"The Wheel of Time" by Robert Jordan is a series that for the long time I would pinpoint as the one that I liked the most. Not the best one, but most likable. It is a first series that I have read when I started buying book from Amazon and reading on English, so I presume I will always have some special connection to it. WoT is a shift from aSoIaF to LotR again: a somewhat classical epic story about clash between Light and Dark, in a fantasy world with kingdoms, Princes and Princesses, magic and sorceresses, whose main cast is young people unaware of their great destiny (shepherd becoming the King and the Savior); lots of romance and romantic notions. I liked it because it has tons of characters and millions of little details that almost in no way contradict each other and make a very complex setting and history. There is a lot of magic which plays a large role in the setting (contrary to the aSoIaF where magic is almost nonexistent, especially in first few books), and the magic system is also very complex. Characters are very likable, especially the main few dozen (jokingly), and funny. Much of this humor is based on male-female differences and "differences" and Jordan was fond of making strange social relationship between them. Readers objected this series' tectonic pace and a large number of plots and subplots - I on the other hand, like this series specifically for these reasons. These objections are now partly nullified since most of the book are now out (last book is coming out this winter), so a new reader doesn't have to wait several year for next book only to find out that his favorite characters is not even in it. Another important this is that unfortunately Robert Jordan passed away from illness before writing what was supposed to be that last, twelfth book. But he left a mountain of notes, so his widows selected another writer, Brandon Sanderson, to finish the series. He split this last book in three, and successfully finished two of them, while the last one ("A Memory of Light") will be coming out next year. I would recommend this series to everybody who likes their epic fantasy Tolkienesque and romantic, especially to teenager fans.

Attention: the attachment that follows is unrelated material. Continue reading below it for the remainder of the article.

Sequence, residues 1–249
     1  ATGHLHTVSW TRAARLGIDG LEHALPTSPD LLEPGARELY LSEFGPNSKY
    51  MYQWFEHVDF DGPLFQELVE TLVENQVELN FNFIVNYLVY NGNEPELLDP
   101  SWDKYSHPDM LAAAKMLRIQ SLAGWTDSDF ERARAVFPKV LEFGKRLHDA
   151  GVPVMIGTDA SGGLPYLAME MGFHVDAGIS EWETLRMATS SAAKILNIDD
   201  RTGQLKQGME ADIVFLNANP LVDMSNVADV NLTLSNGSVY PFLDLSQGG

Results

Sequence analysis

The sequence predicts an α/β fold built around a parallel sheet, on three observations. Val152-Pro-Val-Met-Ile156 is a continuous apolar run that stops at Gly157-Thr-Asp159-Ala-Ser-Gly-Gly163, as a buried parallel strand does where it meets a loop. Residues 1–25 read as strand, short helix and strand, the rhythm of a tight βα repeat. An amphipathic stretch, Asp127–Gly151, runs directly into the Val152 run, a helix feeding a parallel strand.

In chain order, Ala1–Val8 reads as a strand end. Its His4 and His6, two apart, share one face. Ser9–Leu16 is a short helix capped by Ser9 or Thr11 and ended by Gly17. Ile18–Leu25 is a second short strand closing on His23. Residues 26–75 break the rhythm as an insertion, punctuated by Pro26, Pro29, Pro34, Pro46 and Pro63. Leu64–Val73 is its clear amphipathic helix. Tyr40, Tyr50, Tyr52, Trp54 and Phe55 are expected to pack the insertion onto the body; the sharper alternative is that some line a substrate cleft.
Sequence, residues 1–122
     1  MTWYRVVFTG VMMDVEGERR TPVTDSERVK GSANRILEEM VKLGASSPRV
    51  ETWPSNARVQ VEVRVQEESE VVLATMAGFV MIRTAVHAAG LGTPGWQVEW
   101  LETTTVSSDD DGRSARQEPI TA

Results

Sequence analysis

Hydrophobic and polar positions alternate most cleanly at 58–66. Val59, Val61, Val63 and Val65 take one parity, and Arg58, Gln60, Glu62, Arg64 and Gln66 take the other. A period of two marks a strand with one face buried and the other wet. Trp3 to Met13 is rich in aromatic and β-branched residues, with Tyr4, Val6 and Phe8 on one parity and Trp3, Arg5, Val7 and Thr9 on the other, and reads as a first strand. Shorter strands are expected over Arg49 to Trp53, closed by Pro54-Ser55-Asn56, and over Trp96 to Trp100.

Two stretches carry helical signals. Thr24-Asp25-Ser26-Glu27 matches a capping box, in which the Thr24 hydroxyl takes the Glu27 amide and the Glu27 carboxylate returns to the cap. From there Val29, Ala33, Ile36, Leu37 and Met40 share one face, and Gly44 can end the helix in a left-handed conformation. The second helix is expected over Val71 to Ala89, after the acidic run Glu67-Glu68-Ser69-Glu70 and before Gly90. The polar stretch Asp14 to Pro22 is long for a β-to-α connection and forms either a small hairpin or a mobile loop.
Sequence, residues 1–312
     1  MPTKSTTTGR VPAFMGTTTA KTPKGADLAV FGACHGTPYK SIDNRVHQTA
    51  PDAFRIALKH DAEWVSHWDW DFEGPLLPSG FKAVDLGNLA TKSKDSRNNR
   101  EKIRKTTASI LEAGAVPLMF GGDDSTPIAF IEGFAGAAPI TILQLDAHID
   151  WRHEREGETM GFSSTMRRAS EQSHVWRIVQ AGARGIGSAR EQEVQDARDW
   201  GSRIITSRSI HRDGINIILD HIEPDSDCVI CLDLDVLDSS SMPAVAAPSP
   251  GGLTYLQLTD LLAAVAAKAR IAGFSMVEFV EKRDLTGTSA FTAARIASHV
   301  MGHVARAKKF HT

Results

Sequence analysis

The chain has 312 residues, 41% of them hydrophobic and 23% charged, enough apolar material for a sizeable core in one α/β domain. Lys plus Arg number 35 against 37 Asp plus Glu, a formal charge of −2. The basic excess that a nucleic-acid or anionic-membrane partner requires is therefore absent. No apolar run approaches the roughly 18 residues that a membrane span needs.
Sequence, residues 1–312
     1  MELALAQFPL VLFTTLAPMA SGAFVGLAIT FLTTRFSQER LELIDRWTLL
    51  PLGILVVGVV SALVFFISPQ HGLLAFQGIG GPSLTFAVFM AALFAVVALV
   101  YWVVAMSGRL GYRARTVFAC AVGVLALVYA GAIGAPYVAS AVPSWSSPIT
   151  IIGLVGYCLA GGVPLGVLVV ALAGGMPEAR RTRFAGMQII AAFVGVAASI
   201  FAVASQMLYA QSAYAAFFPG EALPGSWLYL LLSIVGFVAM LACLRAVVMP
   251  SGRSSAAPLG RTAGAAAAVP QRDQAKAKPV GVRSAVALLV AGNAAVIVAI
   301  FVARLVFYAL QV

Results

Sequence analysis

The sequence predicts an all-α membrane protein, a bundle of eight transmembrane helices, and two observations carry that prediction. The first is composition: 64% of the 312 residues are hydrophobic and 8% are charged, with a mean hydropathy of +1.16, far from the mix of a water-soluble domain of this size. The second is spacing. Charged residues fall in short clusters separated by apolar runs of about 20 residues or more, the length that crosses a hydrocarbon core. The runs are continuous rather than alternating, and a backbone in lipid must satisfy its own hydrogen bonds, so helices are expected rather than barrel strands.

Not a Book review: "Crossroads of Twillight" and "Knife of Dreams" by Robert Jordan
Book review: "The Gathering Storm" by Robert Jordan and Brandon Sanderson
Book review: "Towers of Midnight" by Robert Jordan and Brandon Sanderson
"Towers of Midnight" frenzy